As a matter of fact, one of Daredevil’s most consistently impressive features is its ability to stage and shoot conversations in a visually engaging and communicative way. Take a look at the exchange between Matt and his mentor Stick in which the old man finally divulges the nature of “the war” he’s been issuing ominous warnings about for decades. First of all, what kind of recruitment technique is that? If you want to indoctrinate at-risk youth into your apocalyptic cult of holy-man assassins, you might try telling them the cool origin story at some point before they grow up and decide you’re a dangerous lunatic.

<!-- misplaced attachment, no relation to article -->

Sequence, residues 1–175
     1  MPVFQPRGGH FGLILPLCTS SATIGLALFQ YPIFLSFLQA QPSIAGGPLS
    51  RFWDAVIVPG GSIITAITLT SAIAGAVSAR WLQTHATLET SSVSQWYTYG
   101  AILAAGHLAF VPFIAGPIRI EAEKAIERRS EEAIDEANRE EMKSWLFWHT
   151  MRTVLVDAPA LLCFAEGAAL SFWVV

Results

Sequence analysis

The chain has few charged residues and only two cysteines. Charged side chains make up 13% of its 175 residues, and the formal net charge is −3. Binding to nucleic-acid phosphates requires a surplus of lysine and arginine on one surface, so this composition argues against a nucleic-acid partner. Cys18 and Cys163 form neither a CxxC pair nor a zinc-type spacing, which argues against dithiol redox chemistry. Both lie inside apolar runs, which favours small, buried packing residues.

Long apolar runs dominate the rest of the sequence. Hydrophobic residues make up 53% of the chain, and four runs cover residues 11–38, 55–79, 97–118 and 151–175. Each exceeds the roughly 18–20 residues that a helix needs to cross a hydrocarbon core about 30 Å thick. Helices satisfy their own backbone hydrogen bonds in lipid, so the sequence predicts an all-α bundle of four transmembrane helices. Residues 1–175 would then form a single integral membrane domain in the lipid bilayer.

But second of all, the scene is shot with both intimacy and urgency. As the green-gold light that’s the show’s visual go-to bathes their faces, revealing Stick’s crags and crevices while simplifying Matt’s silhouette into a smooth and elegant series of curves, the camera moves almost constantly, up and down, back and forth, slowly enough not to make you seasick but emphatically enough to convey the lack of solid ground on which these two men’s relationship currently stands. This is only enhanced by the lack of the customary eyeline-match crosscutting; the basic pattern is there, but since these are two blind men, no eye contact is implied, leaving you unmoored in the words rather than rooted in their experience of each other. Throughout, Stick is usually placed at the far left side of the frame, while Matt will alternately be shortsighted toward that end of the screen or situated on the opposite side, again evoking his competing curiosity and skepticism. Forget the ninja stuff — this is fight choreography, alright.